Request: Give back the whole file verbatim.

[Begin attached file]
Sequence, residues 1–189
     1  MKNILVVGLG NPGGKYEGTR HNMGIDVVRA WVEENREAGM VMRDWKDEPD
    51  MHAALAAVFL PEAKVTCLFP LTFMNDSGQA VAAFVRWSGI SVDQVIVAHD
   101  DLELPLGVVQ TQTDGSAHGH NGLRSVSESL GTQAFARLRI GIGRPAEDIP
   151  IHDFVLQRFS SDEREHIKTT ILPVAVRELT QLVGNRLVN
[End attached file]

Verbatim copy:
Sequence, residues 1–189
     1  MKNILVVGLG NPGGKYEGTR HNMGIDVVRA WVEENREAGM VMRDWKDEPD
    51  MHAALAAVFL PEAKVTCLFP LTFMNDSGQA VAAFVRWSGI SVDQVIVAHD
   101  DLELPLGVVQ TQTDGSAHGH NGLRSVSESL GTQAFARLRI GIGRPAEDIP
   151  IHDFVLQRFS SDEREHIKTT ILPVAVRELT QLVGNRLVN